Friday, January 4, 2008

At Least We Know She Won't Break Under Torture

Wrestling my recalcitrant daughter into her car seat is NOT what I had in mind when I was just aspiring to later-in-life momhood, still in the throes of a long campaign against infertility, and bucking myself up with visions of sweet babies dancing in my head. But as Hillary Clinton's lately been saying, "You campaign in poetry, you govern in prose."

Or in my case, curses muttered in furious frustration that come back to haunt me seconds later when my son, in the adjacent car seat, gleefully repeats them.

"Goddamit!" my son blurts, with a delighted look on his face as he tries out this new, clearly naughty, and therefore deliciously fun to utter, turn of phrase. Meanwhile, I continue a desperate struggle to secure Thing 2 into her car seat for her own safety, a point that is entirely lost on her. As she has on other, similar occasions, Thing 2 proves as expert at arching her back as a Santa Monica yoga instructor. She screams with the lung power of a Wagnerian opera heroine.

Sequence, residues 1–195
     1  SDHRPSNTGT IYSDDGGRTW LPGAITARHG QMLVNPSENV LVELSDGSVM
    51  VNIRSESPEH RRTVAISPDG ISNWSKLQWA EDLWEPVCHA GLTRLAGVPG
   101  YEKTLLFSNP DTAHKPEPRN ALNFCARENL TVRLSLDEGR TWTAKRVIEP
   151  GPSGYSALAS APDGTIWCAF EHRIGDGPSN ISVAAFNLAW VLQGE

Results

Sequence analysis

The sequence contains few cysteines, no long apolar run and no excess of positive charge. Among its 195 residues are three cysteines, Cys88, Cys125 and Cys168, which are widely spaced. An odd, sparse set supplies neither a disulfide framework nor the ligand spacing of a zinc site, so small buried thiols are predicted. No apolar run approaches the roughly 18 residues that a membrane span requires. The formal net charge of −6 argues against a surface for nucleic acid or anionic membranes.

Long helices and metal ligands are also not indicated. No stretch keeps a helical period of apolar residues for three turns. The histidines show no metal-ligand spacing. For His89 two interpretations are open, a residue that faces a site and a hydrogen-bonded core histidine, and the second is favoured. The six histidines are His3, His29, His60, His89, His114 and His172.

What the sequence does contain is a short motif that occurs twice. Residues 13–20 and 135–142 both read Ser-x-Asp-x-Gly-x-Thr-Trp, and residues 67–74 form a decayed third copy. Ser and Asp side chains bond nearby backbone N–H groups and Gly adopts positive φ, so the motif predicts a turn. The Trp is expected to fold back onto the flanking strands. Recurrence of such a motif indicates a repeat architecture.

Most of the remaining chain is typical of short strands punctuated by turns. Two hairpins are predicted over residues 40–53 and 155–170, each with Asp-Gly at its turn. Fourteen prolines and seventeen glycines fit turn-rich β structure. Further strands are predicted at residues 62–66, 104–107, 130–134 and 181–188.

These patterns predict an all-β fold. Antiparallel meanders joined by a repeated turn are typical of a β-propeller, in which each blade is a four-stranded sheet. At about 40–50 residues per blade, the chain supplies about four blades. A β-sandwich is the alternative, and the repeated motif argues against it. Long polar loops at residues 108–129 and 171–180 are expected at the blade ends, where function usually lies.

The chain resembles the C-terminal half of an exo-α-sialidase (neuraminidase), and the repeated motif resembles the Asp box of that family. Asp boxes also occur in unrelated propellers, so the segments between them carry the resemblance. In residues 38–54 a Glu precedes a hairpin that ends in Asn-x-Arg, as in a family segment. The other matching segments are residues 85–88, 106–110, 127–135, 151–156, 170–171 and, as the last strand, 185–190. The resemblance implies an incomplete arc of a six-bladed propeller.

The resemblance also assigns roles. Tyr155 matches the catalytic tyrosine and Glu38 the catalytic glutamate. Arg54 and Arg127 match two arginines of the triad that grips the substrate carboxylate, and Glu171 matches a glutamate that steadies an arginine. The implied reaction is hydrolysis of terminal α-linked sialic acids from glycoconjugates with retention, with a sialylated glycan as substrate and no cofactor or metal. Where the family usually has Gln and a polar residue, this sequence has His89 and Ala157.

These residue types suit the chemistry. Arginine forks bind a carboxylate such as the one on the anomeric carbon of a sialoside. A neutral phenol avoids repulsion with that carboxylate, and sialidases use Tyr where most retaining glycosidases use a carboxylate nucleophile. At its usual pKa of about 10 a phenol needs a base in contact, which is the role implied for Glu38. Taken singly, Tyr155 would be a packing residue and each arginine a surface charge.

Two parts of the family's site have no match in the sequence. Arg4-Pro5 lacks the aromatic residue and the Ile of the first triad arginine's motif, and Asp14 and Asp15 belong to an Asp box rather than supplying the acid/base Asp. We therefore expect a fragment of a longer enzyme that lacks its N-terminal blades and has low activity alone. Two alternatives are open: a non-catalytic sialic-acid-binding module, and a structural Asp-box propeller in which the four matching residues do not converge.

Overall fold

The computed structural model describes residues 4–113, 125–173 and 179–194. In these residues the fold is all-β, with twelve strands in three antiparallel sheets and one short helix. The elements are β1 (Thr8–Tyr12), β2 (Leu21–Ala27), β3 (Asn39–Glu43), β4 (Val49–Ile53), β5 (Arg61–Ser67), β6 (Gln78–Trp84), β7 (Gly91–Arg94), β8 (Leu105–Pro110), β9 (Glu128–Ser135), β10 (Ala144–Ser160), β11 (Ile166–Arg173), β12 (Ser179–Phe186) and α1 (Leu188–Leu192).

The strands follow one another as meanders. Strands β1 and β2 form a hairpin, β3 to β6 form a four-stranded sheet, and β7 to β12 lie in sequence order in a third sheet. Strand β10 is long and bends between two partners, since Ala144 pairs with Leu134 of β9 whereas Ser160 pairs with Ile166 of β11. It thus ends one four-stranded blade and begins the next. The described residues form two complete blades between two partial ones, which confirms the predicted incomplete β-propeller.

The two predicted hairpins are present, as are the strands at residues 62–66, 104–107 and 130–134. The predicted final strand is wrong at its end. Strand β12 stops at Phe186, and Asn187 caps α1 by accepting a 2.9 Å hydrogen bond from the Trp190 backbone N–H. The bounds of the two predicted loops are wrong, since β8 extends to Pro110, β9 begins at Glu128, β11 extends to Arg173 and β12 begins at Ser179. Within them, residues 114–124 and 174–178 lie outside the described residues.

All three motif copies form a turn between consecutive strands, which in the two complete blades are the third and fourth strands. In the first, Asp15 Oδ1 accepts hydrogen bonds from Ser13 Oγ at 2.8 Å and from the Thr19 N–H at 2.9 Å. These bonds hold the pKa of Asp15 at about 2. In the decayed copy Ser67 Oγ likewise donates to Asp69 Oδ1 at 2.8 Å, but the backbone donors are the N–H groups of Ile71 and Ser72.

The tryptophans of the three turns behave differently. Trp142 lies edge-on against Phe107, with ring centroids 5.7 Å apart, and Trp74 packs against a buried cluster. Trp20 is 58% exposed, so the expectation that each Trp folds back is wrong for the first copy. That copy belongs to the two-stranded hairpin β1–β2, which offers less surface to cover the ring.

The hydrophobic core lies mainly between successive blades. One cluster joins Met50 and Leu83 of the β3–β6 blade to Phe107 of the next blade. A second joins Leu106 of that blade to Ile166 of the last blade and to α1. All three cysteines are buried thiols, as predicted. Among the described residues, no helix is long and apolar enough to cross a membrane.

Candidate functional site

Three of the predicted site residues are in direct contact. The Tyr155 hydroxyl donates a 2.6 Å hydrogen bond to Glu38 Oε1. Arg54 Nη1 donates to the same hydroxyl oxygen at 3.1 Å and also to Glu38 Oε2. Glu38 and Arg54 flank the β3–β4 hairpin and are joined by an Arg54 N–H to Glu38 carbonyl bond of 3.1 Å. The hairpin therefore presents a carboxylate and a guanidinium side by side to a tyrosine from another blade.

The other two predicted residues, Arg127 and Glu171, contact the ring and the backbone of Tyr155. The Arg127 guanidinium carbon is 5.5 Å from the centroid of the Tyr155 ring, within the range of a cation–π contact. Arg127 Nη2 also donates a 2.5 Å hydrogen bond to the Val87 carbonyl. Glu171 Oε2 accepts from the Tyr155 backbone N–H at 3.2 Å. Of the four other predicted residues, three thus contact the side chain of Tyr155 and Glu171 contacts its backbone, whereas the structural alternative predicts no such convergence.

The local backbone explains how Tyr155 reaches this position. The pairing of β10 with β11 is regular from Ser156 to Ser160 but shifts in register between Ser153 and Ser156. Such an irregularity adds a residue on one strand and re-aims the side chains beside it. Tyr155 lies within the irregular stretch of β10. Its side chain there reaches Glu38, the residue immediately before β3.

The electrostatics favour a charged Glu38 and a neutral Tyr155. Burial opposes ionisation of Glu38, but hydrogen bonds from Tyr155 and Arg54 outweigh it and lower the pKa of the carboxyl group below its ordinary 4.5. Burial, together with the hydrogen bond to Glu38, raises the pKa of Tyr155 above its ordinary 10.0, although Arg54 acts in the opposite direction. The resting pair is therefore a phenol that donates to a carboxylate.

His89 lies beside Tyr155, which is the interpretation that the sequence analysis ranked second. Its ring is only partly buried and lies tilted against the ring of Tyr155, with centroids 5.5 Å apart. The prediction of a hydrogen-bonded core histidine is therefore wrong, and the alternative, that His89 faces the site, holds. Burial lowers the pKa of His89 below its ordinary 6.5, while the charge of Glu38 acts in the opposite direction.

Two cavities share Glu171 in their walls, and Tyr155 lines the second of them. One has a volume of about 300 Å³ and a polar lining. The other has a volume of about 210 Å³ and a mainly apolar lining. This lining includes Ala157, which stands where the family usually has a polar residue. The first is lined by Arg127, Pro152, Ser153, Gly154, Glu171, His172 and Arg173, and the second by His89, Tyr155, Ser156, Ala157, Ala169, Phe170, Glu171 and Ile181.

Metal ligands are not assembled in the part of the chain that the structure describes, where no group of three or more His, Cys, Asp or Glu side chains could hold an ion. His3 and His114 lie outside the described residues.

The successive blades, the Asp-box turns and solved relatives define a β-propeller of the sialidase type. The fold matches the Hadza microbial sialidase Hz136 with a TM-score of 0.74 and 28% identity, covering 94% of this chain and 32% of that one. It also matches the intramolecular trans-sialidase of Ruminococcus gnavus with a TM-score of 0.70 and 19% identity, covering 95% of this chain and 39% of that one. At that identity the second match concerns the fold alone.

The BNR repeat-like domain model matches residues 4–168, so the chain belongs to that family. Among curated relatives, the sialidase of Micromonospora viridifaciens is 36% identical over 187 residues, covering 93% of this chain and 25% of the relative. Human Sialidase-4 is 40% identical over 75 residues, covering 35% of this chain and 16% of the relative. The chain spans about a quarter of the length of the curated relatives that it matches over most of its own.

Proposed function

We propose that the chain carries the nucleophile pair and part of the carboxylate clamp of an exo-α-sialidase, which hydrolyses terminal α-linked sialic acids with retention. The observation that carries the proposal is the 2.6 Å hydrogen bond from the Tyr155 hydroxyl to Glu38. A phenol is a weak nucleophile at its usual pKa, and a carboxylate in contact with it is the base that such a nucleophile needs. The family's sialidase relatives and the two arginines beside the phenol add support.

But what's really, truly, astonishing in a creature of less than thirty pounds, is the size of her will.

My girl does not give in.

Writhing, kicking, twisting and contorting, she keeps it up as she wears me down.

Other late-blooming-moms I know -- admirable, steadfast, capable women who know a thing or two about what it takes to be a wife, mom, and working woman in this world -- assure me that my daughter's having a strong will is a quality that will stand her in good stead later in life. But in the midst of the great car seat battle of '07, the way I put it -- to my neighbor, who happened to be passing by in our shared condo garage -- was this: "At least we know she won't break under torture."

My friends are right: persistence and determination are going to make my daughter a force with whom to be reckoned some day.

I just hope it's day she's in her garage, wrestling her own daughter into her car seat.

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